Series and parallel resistors
Simplifying resistor networks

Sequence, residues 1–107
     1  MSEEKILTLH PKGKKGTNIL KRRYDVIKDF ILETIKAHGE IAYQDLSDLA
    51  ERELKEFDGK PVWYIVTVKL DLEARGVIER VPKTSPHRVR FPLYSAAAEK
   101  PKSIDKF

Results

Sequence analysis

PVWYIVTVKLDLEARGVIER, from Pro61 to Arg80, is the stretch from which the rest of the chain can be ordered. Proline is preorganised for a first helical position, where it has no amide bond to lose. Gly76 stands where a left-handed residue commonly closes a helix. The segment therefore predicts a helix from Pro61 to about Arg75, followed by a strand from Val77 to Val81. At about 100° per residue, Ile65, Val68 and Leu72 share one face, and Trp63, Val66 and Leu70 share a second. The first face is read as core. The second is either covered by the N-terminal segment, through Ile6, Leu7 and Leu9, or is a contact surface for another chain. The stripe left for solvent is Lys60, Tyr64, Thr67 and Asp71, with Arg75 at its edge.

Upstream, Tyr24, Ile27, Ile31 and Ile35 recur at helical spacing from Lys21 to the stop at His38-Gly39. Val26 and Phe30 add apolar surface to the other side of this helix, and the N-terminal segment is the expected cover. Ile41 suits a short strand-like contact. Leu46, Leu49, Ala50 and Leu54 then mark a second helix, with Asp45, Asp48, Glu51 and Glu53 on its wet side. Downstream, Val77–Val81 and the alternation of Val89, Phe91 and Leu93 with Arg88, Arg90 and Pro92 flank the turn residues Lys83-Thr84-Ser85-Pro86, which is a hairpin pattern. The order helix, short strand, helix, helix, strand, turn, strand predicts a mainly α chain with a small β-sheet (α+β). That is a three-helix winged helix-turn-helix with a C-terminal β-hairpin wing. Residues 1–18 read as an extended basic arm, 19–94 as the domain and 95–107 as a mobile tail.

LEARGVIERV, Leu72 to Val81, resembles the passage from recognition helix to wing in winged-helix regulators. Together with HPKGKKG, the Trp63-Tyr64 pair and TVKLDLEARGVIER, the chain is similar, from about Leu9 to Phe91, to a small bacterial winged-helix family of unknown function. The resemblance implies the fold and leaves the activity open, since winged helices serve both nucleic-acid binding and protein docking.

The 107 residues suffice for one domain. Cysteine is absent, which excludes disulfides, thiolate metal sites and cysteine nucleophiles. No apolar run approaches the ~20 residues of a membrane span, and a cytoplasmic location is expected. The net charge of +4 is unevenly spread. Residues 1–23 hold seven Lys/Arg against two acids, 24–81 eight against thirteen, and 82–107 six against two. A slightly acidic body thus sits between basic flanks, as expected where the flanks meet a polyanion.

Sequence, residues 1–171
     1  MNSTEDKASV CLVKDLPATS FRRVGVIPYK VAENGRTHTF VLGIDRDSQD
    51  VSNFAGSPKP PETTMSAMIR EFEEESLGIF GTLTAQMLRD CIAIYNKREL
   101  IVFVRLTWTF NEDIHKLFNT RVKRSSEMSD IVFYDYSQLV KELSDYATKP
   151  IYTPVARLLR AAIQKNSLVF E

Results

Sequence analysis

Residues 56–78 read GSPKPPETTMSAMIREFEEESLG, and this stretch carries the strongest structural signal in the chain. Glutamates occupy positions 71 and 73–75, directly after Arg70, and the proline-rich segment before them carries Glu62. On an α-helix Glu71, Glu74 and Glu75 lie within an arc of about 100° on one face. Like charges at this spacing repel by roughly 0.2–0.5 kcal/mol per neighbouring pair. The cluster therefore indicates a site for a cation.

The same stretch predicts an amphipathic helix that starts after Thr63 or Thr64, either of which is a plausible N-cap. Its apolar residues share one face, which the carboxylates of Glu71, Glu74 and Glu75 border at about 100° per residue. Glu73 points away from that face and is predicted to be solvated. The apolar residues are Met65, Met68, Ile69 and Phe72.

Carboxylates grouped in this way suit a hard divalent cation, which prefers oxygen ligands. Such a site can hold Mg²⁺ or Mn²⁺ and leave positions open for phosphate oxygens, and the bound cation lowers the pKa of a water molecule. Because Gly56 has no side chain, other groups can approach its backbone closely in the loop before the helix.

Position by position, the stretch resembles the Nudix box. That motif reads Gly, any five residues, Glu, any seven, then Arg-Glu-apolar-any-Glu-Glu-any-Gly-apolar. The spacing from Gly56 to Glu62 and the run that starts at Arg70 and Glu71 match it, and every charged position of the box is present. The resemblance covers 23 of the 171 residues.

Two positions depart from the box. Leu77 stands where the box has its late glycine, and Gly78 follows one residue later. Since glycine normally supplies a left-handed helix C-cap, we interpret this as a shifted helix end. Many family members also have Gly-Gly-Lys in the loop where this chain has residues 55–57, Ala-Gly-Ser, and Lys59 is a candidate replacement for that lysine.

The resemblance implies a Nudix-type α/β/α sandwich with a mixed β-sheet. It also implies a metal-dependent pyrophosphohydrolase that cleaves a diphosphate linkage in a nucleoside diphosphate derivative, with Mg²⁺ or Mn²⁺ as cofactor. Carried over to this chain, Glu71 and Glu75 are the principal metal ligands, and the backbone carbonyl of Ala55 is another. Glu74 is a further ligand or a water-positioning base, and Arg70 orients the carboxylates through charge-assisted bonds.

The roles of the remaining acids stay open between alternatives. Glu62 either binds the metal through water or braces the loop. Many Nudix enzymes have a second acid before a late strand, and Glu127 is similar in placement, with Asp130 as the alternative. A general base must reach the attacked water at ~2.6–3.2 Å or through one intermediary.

- [Voiceover] We've learned about series and parallel resistors, we've learned how to simplify series and parallel resistors into an equivalent resistor, and just to review, for the series resistor, R series, an equivalent R series is equal to the sum of resistors in series. R1 plus R2. And we learned that if we have resistors in parallel, meaning they share the same nodes, if they're in parallel, we can get a parallel equivalent resistors R parallel, and if there was two resistors, if there's two resistors in parallel, the formula was R1 times R2 over R1 plus R2, plus R2. And if there's three resistors or more in parallel it's a little more complicated. This formula look like this. One over R parallel, this is for three or more resistors. One over R1 plus one over R2, plus one over R3, etcetera, for as many resistors as you have. These two parallel formulas do the same thing. This one's a little more convenient to use when you just have two resistors. So now, this problem in this video, we're going to look at a complicated resistor circuit. There's a lot of resistors here. The question we're going to ask is, if we plug in this voltage source here into our resistor network there's the two little plug points, the question is what kind of current is going to be pulled out of this voltage source? That's what I want to know. And if I stare at this, I go, well how am I going to figure that out? The important part of what we're doing here is to stop for a minute and just see what this circuit looks like, just be with it for a second. Let your eyes wander over it and find resistor patterns that you recognize. And you just wait and do that. All right, so we're looking for series in parallel patterns and there's one, and this is not in series, no. Okay, oh, there's a possibility, here's a possibility of parallel resistors. This, is there a series one over here. I don't see a series head to tail connection here and there's a series connection here that we can use. Okay, so there's a couple of possibilities here for simplification. And one of the questions is, okay, where do we start? We want to start this problem at the end farthest away from the thing we care about, what we care about is this right here, this is what we're looking for. And so, a good way to start this problem is to start at the very far end of the circuit and work our way backwards. And this is opposite the way you read sentences and things like that, but in circuits it's sometimes what we want to do. So what I'm going to do is start over here on this side and we're going to disassemble this circuit and simplify it as we go. So we've actually at this point, we've actually done the hard work of this, and the rest of it's going to be relatively straightforward application of these two formulas. We decided what our unknown is, and we decided where to start and that strategy is the key to making this a simple straightforward process. All right, so let's go after it. We're going to, we're basically now going to do the work of simplifying this network. So, what I see here is two resistors in series, two ohms plus eight ohms equals 10 ohms. So I can remove these resistors here and we place them with a 10 ohm resistor, that's step one. What do we do next? Now we look at it again. Right here we see we have two parallel resistors. So we're actually going to use this form. We're going to use this form of the parallel resistor formula, and that says that 10 times 10 over 10 plus 10, this is equal to 100 over 20 or five ohms and I could've done this a little quicker if I know that if two resistors in parallel have the same value, 10 and 10. I know that the parallel combination of those is exactly half. So now we have an equivalent resistor for those two guys. We can take them out and we replace that with a five ohm resistor. You can see where this is going, we're just basically going to collapse this circuit one step at a time. Five ohms plus one ohm is this series combination here and that is equal to six ohms, so I can replace this now with six ohms, we're just consuming our circuit and erasing and rewriting as we go. And I said six ohms here, and what do we have now? Now this is a little more challenging. I have three resistors in parallel and I'm going to use now this formula here for resistors in parallel, so one over the parallel combination is one over 12 plus one over four plus one over six and the common denominator is 12 so that is something over 12, which will be one plus three over 12 plus two over 12, and that equals six over 12 which is one half and one over Rp, that's one over Rp, so Rp equals two over one or two ohms. And now I can replace all three of these. I get to erase all three. We're almost done. And that was, I said two ohms, two ohms. The final step is one and two ohms in series. One plus two equals three and finally we get to the last step which is All right, so we're done. What that means is, from the viewpoint, as far as that voltage source can tell, it's putting out enough current to drive three ohms. And that whole rest of that complicated network, looks like three ohms to that resistor, to that voltage source. And we have taken a complicated circuit and turned it into a really simple one. So that's the steps of simplification. The key was figuring out what you want and then going to the far end of the circuit and working your way backwards and simplifying as you go.